The successful three-day Baltic Centennial in Boston November 23-25 weekend was a feast for eyes and ears! Hundreds of enthusiastic guests enjoyed a weekend packed with music and dance performances, film screenings, honorary speakers, panel discussions, art exhibits, marketplace, a grand gala banquet, and an ecumenical church service. A small group of dedicated volunteers from the Estonian, Latvian and Lithuanian communities worked for three years to provide a weekend of outstanding activities highlighting our proud heritage.
A celebratory large audience welcomed Estonian pianist Hando Nahkur, the North American Latvian Quartet and the St. Christopher Chamber Orchestra from Vilnius, Lithuania to the opening concert at Boston's famous Symphony Hall. The Marriott Copley ballroom was filled to capacity with a festive crowd, singing and clapping to the performances of hundreds of choir singers and folk dancers from Estonia, Latvia and Lithuania. Estonia was proudly represented by seven young singers from the Boston Estonian School who sang and played the traditional zither. The Lexington High School choruses, numbering around 80, performed Estonian songs, including Ilus Maa, accompanied on the piano with Epp Sonin. With all the hundreds of performers on stage for a grand finale, the concert ended with a rousing rendition of songs from all three countries and a spontaneous Baltic Chain — the audience joining hands together around the periphery of the huge ballroom.
Vancouveris toimus EV100 pidustuste raames pühapäeval, 25. veebruaril oikumeeniline jumalateenistus Meie Kodus.
Eesti juubelisünnipäeva märkivale jumalateenistusele järgnes pidulik koosviibimine, kus viibis ka vabariigi kaasaegne Laine Viitre, kel täitub sajand maikuus.
On Estonia’s 100th birthday on February 24th, 2018, our beloved national symbol, the BLUE-BLACK-WHITE tricolour dominated the scene at Nathan Phillips Square. As “our” flag inched its way to the top of the City Hall flagpole, hundreds of smaller flags and banners were held high in joyous celebration by the crowd of Estonians and Estonian enthusiasts, who had gathered to share the momentous occasion with their friends and family.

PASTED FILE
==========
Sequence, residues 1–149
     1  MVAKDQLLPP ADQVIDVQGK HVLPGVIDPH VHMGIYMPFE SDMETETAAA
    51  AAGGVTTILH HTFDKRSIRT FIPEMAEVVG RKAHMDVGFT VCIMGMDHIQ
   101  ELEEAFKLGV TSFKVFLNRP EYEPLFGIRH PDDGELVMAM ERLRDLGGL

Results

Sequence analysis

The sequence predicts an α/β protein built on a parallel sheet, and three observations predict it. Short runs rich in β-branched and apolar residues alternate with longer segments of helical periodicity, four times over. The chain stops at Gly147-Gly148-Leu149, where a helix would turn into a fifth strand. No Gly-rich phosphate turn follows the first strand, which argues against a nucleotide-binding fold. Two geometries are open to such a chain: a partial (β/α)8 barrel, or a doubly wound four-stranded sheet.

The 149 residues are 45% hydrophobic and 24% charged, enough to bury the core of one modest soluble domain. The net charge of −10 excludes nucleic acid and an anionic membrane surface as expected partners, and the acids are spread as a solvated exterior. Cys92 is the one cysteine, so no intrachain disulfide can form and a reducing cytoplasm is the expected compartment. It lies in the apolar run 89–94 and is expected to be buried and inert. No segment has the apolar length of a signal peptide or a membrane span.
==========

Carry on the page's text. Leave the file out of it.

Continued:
The scene at City Hall Square on February 24th looked similar to the many previous occasions when the Square turned into a rippling sea of BLUE-BLACK and WHITE. But this time a feeling of triumph, jubilation, and exhilaration hung in the air. Clearly the celebration was not only about Estonia's 100th anniversary but also about the crucially important fact that Estonia had reached its 100th milestone as
a free, independent and democratic nation.
Millised on olnud Eesti ajaloo tähtsündmused? Kindlasti on igaühel meist selle kohta ka oma arvamus, kuid meil kui rahvusel on mitu ajaloolist verstaposti, mille tähtsusest me kõik aru saame.
KUMU-s avati 16. märtsil EV100 raames uus suurepärane näitus, mis vaatleb kunsti mõju eestlaste ajaloomälule ning pakub huvi nii kunsti- kui ajaloosõpradele. Paljude piltide seast on näitusele valitud just need, mis on aidanud luua „mälupaiku“. Mälupaiga mõiste võttis kasutusele ajaloolane Pierre Nora: sellises paigas on lisaks konkreetsele kohale talletunud ka ajaloosündmused, isikud, rituaalid, kirjandus ja rahvapärimused – seeläbi on paigast kujunenud rahvusliku mälu tugipunkt ja omaette sümbol.
On February 24th, 2018, the Estonian community of Vancouver celebrated the one hundredth anniversary of the founding of the Republic of Estonia. The event took place in Richmond’s Sheraton Vancouver Airport Hotel, located just outside of Vancouver proper. In cooperation with the Honorary Consul of Estonia in Vancouver, Harry Jaako, the Vancouver Estonian Society laboured for over a year to plan this event. To the great joy of the organisers, the block of hotel rooms set aside for guests, as well all tickets to the celebration, were sold out, indicating that the community was aware of this occasion’s special significance; it is estimated that approximately two hundred and fifty people attended the festivities. Indeed, such awareness was already noticed a few days prior, when many community members visited BC Place Stadium in downtown Vancouver as it was lit up in the sinimustvalge of the Estonian flag.
On February 24th, over 250 members of Vancouver’s Estonian community came together to celebrate the 100th anniversary of Estonia’s declaration of Independence with a ceremony and formal ball at the Sheraton Vancouver Airport Hotel.
The Ceremony included many memorable moments, including the wonderful flag procession conducted by the Vancouver Police Ceremonial Unit, esteemed guest speaker Sirje Kiin who spoke on ‘Development of the Estonian Identity and Mind Through Language and Literature’, and a beautiful choral presentation by Vancouver Estonian Mixed Choir ‘Läänetuul’. Also during the ceremony program, two well known Vancouver Estonians were recognized by the Estonian Central Council in Canada for their dedication over many years to the Canadian-Estonian community; Leo Allas presented with the Silver Medal of Merit and Alar Suurkask with the Gold Medal of Merit. With a standing ovation and heartwarming applause, this recognition could be felt among all attendees in the room as well.